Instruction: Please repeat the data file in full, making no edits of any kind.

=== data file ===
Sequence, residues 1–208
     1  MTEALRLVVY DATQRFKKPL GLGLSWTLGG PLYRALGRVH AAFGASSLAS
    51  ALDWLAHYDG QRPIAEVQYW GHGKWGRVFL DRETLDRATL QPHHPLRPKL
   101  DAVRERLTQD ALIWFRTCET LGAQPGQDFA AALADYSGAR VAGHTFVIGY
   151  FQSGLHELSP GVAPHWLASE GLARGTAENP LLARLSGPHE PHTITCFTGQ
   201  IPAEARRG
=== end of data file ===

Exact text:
Sequence, residues 1–208
     1  MTEALRLVVY DATQRFKKPL GLGLSWTLGG PLYRALGRVH AAFGASSLAS
    51  ALDWLAHYDG QRPIAEVQYW GHGKWGRVFL DRETLDRATL QPHHPLRPKL
   101  DAVRERLTQD ALIWFRTCET LGAQPGQDFA AALADYSGAR VAGHTFVIGY
   151  FQSGLHELSP GVAPHWLASE GLARGTAENP LLARLSGPHE PHTITCFTGQ
   201  IPAEARRG